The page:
Downtime: Nanotechnology, good excuses, intelligent machines

Downtime was pleased to hear that post-grad electrical engineering students in Texas have come up with the best application of nanotechnology so far.

Now here’s an idea for all of you flag flyers...

Downtime was pleased to hear that post-grad electrical engineering students in Texas have come up with the best application of nanotechnology so far.

Jang-Bae Jeon and Carlo Foresca of the University of Texas have managed to create a likeness of the US flag that is less than one-tenth the width of a human hair, which sounds plenty big enough to us. Maybe all those US  households with 10-foot flags adorning their front gardens might care to adopt the students’ effort instead.

And if it takes off over there, perhaps by the next World Cup drivers could adorn their cars with nano-sized versions of the Cross of St George. So much more discreet.

Sorry, the dog’s eaten my business continuity plan

As we all know, IT lies at the heart of many an excuse for laziness or fecklessness, and Jeff Randall’s column on the subject in last Thursday’s Daily Telegraph turned up a couple of crackers.

Leading the way was Chris Carter, who managed to combine technophobia and the World Cup in his excuse for non-delivery of something or other (it hardly matters what).

“The sports channels had used up all the bandwidth over Germany and I couldn’t get a signal until 2am,” was his excuse par excellence.

At the more figurative end of the spectrum was Edward Vincent, who proffered, “My copy was late because one of my colleague’s extended metaphors caused a tailback on the information super-highway.”

Downtime is always looking for excuses. If you have any more e-mail them to the address below.

All very well, but can they wield barbecue tongs?

Ian Pearson, BT’s resident futurologist (we’re not kidding), has warned that machine intelligence is going to make men redundant over the next decade or two.

Pearson reckons that these ever-cleverer machines will take over many male-dominated “jobs that require intellect”, including computer programming. However, those with softer skills, such as PR and marketing, will be OK, he says.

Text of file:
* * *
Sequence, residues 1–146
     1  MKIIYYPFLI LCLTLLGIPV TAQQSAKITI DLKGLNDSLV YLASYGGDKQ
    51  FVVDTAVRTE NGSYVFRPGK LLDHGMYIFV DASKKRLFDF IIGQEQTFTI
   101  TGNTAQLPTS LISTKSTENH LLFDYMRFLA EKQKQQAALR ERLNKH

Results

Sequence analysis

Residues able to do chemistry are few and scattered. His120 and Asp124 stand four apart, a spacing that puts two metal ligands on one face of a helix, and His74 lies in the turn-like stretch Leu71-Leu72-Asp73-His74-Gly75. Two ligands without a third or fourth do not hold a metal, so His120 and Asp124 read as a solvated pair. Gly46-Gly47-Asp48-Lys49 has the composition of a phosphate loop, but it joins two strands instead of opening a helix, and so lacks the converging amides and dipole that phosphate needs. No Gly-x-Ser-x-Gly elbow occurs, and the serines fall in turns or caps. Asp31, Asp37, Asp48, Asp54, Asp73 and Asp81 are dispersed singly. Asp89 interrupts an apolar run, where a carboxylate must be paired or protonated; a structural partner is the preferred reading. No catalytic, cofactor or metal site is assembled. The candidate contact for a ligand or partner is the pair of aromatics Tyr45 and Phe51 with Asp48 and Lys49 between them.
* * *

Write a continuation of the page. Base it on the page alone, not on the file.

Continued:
To Downtime’s ears, it all sounds a bit woolly and stereotyped, but don’t say you haven’t been warned. Maybe it really is time to look into that course in Indian head massage.

Saving the planet is a brilliant job for Larry

Larry Brilliant has spoken for the first time about his plans as the man charged with spending hundreds of millions of pounds of Google’s wealth on good causes.

Brilliant has never struggled to live up to his name. He worked for the UN and was instrumental in eradicating smallpox from India. More recently, he was awarded a £55,000 prize to develop his idea for building a global early-warning system for disease and disaster.

All of which means he is a decent choice to lead Google’s charitable arm. Brilliant plans to tap into Google’s engineering expertise to have a crack at climate change, global public health and global poverty. Should keep him busy.

It’s a dangerous job but someone’s got to do it…

News from Japan that a Dell laptop burst into flames at a conference does not inspire confidence, but sitting at a desk tapping at a keyboard is still well down the list of dangerous occupations.

For the safety-conscious among you, the key career to avoid – in terms of the likelihood of dying on the job – is wood cutting. In the US, lumberjacks are 26 times more likely to die at work than the average worker. Other jobs to avoid are in structural metalwork and electrical power installation, both of which conjure up images of particularly grisly ends.

Contribute to Downtime: If you have a funny IT-related story, we want to hear from you. [email protected]



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